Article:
The solution, of course, is simply to remember that the recoil reducing stock spring was designed to help absorb FULL POWER LOADS, _not_ the relatively light kicking birdshot loads. So only use a recoil reducing stock on a home defense / duty shotgun, and then only practice with the same kind of full power slugs or full power 00 buckshot that you intend to use for home / self defense. Problem solved! (Save the birdshot loads for your hunting shotgun! 🙂

    With all of that said, I like Federal’s 132-00 “reduced recoil”, 9 pellet 00 buckshot loads, with an advertised muzzle velocity of 1145 fps instead of the more typical 1325 fps. The “FliteControl” wad does a very good job of achieving nice tight “full choke” patterns with my 18.5″ inch “cylinder bore” (no choke) barrel, and so I figure all of the reasons that make these Federal 132-00’s good for city police use in crowded urban conditions (you are responsible for every projectile that goes downrange), also makes them good for my home defense purposes. But again, and as always, YMMV. Just food for thought.

  24. I have taken several defensive shotgun classes. By no means am I an “expert” or whatever. I’m still learning as I go.

    The spread of shot is simply not so great as many people assume. This article acknowledges that shotguns have to be aimed in order to get the necessary hit or hits, but then recycles the canard about the spread of shot. 5 to 7 yards within the interior space of a home? Not much spread.

    Shotguns are LOUD. So loud, that you just might stun yourself with a “flash bang” disorientation when you touch one off in a confined space.

    The biggest reason to use a shotgun is because it essentially negates the stopping power debates. It used to be that police took shotguns to immediately expected pistol fights. Shotguns require two hands to properly wield, although in a defensive class you can try your hand at reloading and firing one handed. Shotguns used to be used by the police because the 1910s through the 1960s suggested strongly that buckshot is a fight stopper. We are all legally liable for every projectile that leaves the muzzle, which is why the FBI was literally using only slug shells in 12-ga. 870s before the use of shotguns essentially disappeared or went by the wayside. Pattern the shotgun at defensive ranges with the intended load.

    Have a defensive plan and a role for the firearm within that plan. Having just a firearm is no substitute for having a plan. Make sure the shotgun–or other weapon chosen–fits the intended user. Most shotguns have stocks that are too long for a range of potential authorized users. It is often a good idea to have a light. A pistol caliber carbine might work for some folks, a lever action, a self-loader, etc. A shotgun may be suitable to some defensive plans. A handgun or rifle might be called for in another scenario or setting. Have a plan, get some training, and be willing to use it if there is no other way.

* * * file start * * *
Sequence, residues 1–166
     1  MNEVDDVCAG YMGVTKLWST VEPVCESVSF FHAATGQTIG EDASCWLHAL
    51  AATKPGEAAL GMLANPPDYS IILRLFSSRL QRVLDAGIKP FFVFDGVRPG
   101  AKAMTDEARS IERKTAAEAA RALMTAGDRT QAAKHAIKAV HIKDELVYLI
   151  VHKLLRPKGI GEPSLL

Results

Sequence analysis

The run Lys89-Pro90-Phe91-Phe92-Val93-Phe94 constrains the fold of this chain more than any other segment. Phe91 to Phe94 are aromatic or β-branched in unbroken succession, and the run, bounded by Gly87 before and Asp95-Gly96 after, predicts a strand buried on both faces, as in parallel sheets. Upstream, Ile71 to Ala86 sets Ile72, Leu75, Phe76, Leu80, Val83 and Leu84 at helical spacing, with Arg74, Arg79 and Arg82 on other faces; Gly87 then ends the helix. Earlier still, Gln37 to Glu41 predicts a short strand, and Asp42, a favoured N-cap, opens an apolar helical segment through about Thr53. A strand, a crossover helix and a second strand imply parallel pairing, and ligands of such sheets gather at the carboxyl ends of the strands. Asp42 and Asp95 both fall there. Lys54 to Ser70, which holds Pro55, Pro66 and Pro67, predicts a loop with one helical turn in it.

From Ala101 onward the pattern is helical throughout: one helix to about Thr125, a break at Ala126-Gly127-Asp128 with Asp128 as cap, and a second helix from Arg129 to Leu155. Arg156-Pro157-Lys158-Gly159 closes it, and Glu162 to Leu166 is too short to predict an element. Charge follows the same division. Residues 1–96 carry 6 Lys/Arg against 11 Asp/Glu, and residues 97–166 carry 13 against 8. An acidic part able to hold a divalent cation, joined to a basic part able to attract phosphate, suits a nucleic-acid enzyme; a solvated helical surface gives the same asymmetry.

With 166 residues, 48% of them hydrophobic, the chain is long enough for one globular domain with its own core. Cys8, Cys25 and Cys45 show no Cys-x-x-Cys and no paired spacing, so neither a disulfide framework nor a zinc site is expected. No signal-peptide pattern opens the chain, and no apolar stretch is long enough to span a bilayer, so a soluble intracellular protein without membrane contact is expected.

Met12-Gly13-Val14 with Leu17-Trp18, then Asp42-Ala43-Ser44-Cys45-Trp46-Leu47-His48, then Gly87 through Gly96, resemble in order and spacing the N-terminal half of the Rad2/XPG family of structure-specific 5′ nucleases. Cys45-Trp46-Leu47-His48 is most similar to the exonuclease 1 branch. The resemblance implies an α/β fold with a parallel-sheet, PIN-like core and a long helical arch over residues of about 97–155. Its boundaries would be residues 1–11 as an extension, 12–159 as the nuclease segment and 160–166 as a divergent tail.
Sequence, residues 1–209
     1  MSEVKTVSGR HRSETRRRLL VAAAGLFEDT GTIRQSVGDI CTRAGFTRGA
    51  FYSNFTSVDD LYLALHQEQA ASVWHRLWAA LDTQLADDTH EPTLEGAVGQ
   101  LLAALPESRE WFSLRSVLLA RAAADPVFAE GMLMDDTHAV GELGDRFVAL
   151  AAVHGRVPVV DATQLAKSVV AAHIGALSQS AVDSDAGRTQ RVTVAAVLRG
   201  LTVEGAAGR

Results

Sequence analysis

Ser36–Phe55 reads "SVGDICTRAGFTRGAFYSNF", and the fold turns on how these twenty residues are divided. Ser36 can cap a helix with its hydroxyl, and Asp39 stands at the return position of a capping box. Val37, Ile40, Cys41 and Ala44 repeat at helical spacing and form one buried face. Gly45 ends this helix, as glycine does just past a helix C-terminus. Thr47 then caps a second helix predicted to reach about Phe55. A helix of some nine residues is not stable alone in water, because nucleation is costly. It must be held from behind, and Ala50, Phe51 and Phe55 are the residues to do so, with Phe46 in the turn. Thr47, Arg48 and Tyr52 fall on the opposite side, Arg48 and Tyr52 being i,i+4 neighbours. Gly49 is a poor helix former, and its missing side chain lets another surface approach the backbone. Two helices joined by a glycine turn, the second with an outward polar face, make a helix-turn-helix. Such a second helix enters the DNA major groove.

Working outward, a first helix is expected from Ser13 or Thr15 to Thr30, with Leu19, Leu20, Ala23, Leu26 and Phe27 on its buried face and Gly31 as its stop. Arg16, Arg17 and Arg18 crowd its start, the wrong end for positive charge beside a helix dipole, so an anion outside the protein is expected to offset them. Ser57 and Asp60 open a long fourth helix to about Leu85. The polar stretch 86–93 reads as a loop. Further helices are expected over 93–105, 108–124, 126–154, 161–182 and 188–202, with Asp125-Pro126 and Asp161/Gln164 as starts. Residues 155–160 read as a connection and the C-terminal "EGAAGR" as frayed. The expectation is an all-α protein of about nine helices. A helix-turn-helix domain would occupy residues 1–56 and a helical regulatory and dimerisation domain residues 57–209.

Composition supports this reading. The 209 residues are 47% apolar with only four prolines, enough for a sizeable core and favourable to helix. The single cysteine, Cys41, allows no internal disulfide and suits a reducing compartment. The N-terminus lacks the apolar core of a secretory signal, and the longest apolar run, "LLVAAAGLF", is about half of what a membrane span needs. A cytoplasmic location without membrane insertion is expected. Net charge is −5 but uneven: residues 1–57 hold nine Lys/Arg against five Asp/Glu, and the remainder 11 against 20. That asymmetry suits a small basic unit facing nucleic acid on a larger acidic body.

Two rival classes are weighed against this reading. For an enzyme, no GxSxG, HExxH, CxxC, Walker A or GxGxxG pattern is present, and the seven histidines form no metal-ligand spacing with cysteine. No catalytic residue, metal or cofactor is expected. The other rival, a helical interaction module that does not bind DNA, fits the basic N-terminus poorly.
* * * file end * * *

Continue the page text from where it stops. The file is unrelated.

25. If you hold back on the shotgun’s slide rack forearm as you fire and IMMEDIATELY RACK THE SLIDE as we do in the U.S. MILITARY felt recoil is ZERO. Go to YOUTUBE and watch videos of this.

  26. After Twenty five years in Law Enforcement there is one additional benefit of a pump shotgun over others. The racking of that action is a universal language I’ve seen bad guys lay down and give up without having to fire a shot. That simple escalation of force had deescalated many situations with lots of choices in ammunition the shotgun is very adaptable from heavy shot loads preventing over penetration in homes to slugs for barrier penetration it can be adapted to your changing situation. Great article

  27. Tac 14 is a good gun.. Inexpensive.. $300.. 12ga Just shoot something like 2 3/4″ in Double OO Buck.. a proven round… Use whatever light rounds you can find to familiarize yourself with it’s handling .. Run some OO Buck thru it to drill down how the recoil will affect your shooting.

    I carried an 1100 in the service overseas long ago…I was fortunate enough to have made the acquaintance of a fellow named Dave Mazy a fine fellow and fine Smith.. (Last time I saw him I was dealing with drunk ) He was in the process of producing a number of them for the LAPD at the time and was kind enough to toss mine in the pile.. 21 in full length tube…Parkerized Super reliable gun… Very little kick with heavy loads.. Beat to crap, looks like heck but still runs fine.

    I will eventually pickup a TAC13, box magazine with the Brace. Less recoil .. quicker..

    But the Tac14 goes with me everywhere certainly very nice for a house gun.. and it means I am not stuck with my poor under powered ancient, slow fat limited capacity Colt 1911 45acp.. (Smile)

    I think 12 or 20 is a matter of preference.. 12 still works for me.. Now I would like a 10 or an 8.. Maybe a 4…can i get a 4? lol

  28. When my wife was living by herself on our rural property, I bought her a Mossberg 500 12GA. Fortunately, she didn’t have to use it, but the first week I joined her during my terminal leave from the USAF, I had to use it to kill a 4 foot long rattlesnake!

    I later bought a Mossberg 500E .410 for her.

  29. I will turn 78 next month. My 12 gauge Mossberg Shockwave with the ported barrel kit and arm support from Midway isn’t too difficult to handle, shooting 2.75 inch buckshot. Everyone is different; obviously someone in a wheelchair or with other disability might be better served with a 20 or even a 410. But 12 gauge works for me.

  30. Take time to review the many various options
    for .410 ammo, including the Brenneke type rifled slug.
    There are some .410 loads that can be devastating at